I say “was,” because I packed it in several years ago, after attending for close to 30 years. No matter Continue reading

Goodbye Marianne …

We’ve been having a heatwave in Toronto. I’m not complaining. I promised myself, during the endless deep freeze that was our winter of 2019, that I would not complain of the heat ever again, no matter how bad it is. So I’m merely stating a fact.

This past Saturday was particularly oppresssive, with not even the merest hint of a breeze. My apartment is air conditioned so I could have busied myself at home. But I didn’t want to. I wanted to be out, doing something. “Ahhhh,” I thought to myself. This is a perfect day to go to a movie.

Much as I love movies, I tend not to see too many of them in summer, it’s too nice outside and we have Continue reading

The pause that refreshed …

Life is crazy and challenging and chaotic and uncertain. Not just for me, for everyone, everywhere. It’s important for our mental, emotional and physical well-being to shut the world out from time to time, to live in the light, to find joy.

Well, that certainly happened for me last Sunday … 

… when I was lucky enough to be one of about 35 people who attended a casual, intimate, private, classical music concert. Not in the evening, in a darkened concert hall, which is what you’d expect. This concert took place in the afternoon, in a sun-drenched living room.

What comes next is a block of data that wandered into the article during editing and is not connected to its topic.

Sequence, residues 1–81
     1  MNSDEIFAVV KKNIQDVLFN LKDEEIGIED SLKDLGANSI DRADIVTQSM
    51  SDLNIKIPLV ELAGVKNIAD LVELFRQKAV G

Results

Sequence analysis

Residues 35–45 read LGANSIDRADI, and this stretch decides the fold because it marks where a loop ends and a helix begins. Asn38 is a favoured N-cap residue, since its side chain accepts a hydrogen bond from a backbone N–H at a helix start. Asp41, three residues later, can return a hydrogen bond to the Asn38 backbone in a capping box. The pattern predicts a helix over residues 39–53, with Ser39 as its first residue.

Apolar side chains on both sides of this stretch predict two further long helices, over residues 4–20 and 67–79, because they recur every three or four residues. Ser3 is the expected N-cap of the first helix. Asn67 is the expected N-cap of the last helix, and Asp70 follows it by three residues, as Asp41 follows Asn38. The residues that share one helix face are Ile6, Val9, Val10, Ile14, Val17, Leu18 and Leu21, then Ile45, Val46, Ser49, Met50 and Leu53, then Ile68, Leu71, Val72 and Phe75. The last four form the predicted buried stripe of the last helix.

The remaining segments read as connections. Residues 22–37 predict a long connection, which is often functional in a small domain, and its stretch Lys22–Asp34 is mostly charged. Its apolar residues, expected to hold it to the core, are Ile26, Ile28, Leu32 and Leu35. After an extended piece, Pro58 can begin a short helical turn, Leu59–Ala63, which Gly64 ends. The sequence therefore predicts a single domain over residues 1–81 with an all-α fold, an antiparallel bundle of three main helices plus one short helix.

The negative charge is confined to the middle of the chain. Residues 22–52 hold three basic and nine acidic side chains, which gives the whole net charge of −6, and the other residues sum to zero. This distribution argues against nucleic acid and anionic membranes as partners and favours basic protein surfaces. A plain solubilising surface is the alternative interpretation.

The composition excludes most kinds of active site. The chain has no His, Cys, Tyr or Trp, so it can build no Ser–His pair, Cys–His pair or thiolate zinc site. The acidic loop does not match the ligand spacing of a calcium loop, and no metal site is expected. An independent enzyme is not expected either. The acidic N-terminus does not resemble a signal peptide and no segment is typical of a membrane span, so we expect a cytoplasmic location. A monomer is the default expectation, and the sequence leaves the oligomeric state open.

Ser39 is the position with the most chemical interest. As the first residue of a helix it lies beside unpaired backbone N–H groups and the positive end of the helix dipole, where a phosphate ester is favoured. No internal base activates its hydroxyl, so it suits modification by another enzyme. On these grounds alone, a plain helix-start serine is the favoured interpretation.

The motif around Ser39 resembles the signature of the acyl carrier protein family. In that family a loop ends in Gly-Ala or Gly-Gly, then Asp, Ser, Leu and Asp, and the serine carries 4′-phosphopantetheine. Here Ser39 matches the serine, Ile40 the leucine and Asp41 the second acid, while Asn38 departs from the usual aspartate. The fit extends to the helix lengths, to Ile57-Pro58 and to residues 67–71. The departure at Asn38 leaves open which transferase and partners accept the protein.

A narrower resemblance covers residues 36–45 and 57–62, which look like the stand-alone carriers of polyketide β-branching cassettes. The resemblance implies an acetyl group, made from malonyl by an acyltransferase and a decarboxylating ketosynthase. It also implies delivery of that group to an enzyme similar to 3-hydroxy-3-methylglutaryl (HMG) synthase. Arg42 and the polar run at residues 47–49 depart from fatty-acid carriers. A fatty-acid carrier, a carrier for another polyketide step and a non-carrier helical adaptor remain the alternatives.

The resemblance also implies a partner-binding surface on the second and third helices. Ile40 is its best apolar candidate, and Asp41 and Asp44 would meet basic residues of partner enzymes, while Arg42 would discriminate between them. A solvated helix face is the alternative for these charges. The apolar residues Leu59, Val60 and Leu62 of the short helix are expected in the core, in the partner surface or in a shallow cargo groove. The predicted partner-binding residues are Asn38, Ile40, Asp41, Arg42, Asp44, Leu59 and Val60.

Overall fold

And on this day the living room happened to belong to a friend and former colleague — Bryan Tenenhouse and his wife Cori Halpern. But it could take place in my living room or yours.

Have you ever heard of Groupmuse? I confess I had not, until Bryan posted on Facebook about a concert at a friend’s home he and Cori went to last Spring. At the time he wrote that he and Cori loved it so much they wanted to host one themselves. Which they did, over two glorious hours, on Sunday afternoon.

What an extraordinary idea it is. Anyone can host. Anyone can attend. That’s right, you don’t have to know Continue reading

Family …

My mother once told me that when she and my father got married there were 200-plus people at their wedding, most of whom were family. Like most children, I never thought about a time when our family would stop growing and start shrinking. Children assume everyone they love will be around forever.

In actual fact, I’m lucky. Most of my family lived long and full lives. I was 15 when my great grandfather passed away, in my 20s when my great grandmother passed. One grandmother lived to 98, the other to Continue reading